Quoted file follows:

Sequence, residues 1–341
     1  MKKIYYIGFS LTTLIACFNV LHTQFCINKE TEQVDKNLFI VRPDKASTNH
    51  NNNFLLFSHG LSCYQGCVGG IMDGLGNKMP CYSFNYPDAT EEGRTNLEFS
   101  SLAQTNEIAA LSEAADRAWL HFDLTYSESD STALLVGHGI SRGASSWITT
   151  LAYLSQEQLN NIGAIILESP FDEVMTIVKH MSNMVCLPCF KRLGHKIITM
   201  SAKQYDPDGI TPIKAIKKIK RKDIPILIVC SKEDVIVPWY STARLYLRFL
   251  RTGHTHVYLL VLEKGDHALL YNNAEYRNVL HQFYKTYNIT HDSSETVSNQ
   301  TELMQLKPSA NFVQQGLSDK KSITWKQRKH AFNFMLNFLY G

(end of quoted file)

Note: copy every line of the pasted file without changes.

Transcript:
Sequence, residues 1–341
     1  MKKIYYIGFS LTTLIACFNV LHTQFCINKE TEQVDKNLFI VRPDKASTNH
    51  NNNFLLFSHG LSCYQGCVGG IMDGLGNKMP CYSFNYPDAT EEGRTNLEFS
   101  SLAQTNEIAA LSEAADRAWL HFDLTYSESD STALLVGHGI SRGASSWITT
   151  LAYLSQEQLN NIGAIILESP FDEVMTIVKH MSNMVCLPCF KRLGHKIITM
   201  SAKQYDPDGI TPIKAIKKIK RKDIPILIVC SKEDVIVPWY STARLYLRFL
   251  RTGHTHVYLL VLEKGDHALL YNNAEYRNVL HQFYKTYNIT HDSSETVSNQ
   301  TELMQLKPSA NFVQQGLSDK KSITWKQRKH AFNFMLNFLY G